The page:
Optical phenomena include all observable events that arise from the interaction of matter and light. Every optical phenomenon aligns with quantum phenomena. Ordinary optical phenomena are predominantly due to the interplay of light from the Moon, Sun, or stars with water bodies, the atmosphere, dust, clouds, and other concentrations of particles. One familiar example is the rainbow when a beam of sunlight is refracted and reflected by water molecules or droplets. Some phenomena, for example, the green ray, are so uncommon that they are sometimes considered to be mythical. Others, like Fata Morganas, are relatively common in favoured locations. Most of the optical phenomena are basically unique aspects of optics or optical stimulations. For example, the colours created by a prism can be put under the umbrella of optical phenomena.
Most of the phenomena that arise from the interaction of light with various substances and processes come under the category of optical phenomena or optically visible events. These include phenomena arising from the optical characteristics of the atmosphere and other natural occurrences. It comprises both natural and human-made processes, which are referred to as optical effects. It also includes entoptic phenomena, which are caused by the properties of our own eyes. Now, let’s explore some of the fascinating optical phenomena that occur in nature.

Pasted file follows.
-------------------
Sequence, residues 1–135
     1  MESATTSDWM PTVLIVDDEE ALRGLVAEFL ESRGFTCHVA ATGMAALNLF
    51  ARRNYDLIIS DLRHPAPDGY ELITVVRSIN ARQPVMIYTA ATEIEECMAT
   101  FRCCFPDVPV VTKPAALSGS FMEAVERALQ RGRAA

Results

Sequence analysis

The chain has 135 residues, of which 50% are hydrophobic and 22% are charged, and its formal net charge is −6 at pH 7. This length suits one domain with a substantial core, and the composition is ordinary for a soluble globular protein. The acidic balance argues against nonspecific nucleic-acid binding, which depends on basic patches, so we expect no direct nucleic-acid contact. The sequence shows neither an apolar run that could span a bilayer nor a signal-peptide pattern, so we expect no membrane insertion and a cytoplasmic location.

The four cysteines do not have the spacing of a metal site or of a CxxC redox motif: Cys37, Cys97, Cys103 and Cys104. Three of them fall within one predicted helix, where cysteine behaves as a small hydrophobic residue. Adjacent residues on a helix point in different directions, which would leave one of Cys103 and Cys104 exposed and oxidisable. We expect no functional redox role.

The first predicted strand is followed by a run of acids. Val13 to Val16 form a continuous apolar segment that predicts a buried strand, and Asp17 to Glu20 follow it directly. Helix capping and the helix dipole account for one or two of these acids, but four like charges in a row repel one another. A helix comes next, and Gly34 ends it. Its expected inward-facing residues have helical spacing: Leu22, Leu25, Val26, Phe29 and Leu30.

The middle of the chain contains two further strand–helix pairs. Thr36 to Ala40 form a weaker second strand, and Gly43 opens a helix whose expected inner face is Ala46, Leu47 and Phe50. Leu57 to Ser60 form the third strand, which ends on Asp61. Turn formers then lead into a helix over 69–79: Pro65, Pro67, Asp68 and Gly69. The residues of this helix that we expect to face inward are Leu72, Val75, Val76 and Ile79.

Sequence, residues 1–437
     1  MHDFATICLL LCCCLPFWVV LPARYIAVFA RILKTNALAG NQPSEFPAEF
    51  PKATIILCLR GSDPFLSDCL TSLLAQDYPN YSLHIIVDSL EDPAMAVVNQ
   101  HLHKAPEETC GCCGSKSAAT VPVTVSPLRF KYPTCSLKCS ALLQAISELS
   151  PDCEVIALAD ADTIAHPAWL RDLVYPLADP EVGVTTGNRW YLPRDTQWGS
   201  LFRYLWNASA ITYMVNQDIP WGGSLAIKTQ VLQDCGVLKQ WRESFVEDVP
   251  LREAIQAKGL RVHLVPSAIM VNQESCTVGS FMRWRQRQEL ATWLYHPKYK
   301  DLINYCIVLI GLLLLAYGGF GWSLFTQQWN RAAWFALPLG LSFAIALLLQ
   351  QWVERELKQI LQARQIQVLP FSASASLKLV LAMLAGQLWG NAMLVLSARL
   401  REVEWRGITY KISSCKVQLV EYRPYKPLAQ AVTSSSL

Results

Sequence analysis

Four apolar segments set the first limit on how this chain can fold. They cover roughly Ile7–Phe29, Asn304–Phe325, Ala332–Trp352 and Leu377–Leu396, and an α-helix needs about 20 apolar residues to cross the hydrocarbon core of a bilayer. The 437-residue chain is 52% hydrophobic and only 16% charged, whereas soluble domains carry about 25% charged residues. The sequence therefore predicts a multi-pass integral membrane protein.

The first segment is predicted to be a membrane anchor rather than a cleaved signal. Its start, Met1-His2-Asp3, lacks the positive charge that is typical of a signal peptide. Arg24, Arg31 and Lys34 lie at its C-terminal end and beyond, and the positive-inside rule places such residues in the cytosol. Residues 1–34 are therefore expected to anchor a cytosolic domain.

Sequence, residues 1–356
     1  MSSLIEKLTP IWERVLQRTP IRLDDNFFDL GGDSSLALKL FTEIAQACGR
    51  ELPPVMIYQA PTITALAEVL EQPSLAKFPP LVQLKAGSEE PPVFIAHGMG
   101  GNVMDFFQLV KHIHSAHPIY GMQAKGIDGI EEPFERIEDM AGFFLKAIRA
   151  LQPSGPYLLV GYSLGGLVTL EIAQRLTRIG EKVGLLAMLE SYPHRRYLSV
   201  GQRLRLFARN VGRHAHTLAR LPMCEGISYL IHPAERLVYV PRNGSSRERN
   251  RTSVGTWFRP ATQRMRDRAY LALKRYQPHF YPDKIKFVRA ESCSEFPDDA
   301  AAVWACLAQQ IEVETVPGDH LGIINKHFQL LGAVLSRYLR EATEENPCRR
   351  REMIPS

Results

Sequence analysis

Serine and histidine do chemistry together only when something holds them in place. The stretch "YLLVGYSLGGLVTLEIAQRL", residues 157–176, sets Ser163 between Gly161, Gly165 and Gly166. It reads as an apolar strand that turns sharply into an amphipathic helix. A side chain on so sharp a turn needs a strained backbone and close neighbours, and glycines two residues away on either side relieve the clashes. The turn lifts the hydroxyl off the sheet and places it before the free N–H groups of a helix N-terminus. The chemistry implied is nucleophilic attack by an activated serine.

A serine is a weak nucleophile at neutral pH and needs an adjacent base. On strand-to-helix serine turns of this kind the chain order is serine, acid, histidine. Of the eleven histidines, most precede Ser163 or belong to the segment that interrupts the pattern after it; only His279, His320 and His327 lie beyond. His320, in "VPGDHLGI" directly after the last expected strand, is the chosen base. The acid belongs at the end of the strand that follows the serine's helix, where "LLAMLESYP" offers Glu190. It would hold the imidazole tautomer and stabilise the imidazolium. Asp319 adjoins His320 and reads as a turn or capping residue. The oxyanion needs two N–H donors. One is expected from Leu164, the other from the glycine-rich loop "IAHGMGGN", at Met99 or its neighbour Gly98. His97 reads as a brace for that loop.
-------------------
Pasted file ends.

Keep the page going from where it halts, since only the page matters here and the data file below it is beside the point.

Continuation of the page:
Aurora is a natural occurrence of light that can be observed in the sky. It happens primarily in the high-latitude areas surrounding the Arctic and Antarctic regions. These lights exhibit a vibrant and ever-changing array of patterns. They include curtains, rays, spirals, and flickers that can cover the entire sky. The cause of auroras can be attributed to disruptions in the magnetosphere that arise from the influence of solar wind.
Significant disruptions occur when there is an increase in the speed of the solar wind, mainly due to coronal holes or coronal mass ejections. These disruptions cause charged particles in the magnetospheric plasma to deviate from their original paths. Subsequently, these particles fall into the upper atmosphere, specifically the exosphere and thermosphere. When charged particles fall into the upper atmosphere, they cause ionisation and excitation of atmospheric constituents. This leads to the emission of light in various patterns and colours. The appearance of the aurora (observed in bands around both polar regions) is also influenced by the degree of acceleration experienced by the falling particles.
In meteorology, an afterglow refers to a series of atmospheric optical events that create a broad, pinkish or whitish arch of sunlight visible in the sky during twilight. This arch comprises two distinct segments: the bright segment and the purple light. The purple light is usually visible during civil to nautical twilight when the Sun is 2-6° below the horizon, while the bright segment persists until the end of nautical twilight. The phenomenon of the afterglow is mainly associated with volcanic eruptions, with its purple light being referred to as the distinct “volcanic purple light”. In such volcanic events, the purple light is created by the scattering of light by fine particles, such as dust, that are suspended in the atmosphere.
Alpenglow (similar to the Belt of Venus) is a phenomenon where the afterglow refers to the golden-red glowing light visible in the sky during sunrise or sunset. More specifically, it is used to describe the final stage of the phenomenon, during which the purple light is reflected. The counterpart of an afterglow is a foreglow, which appears in the sky before sunrise.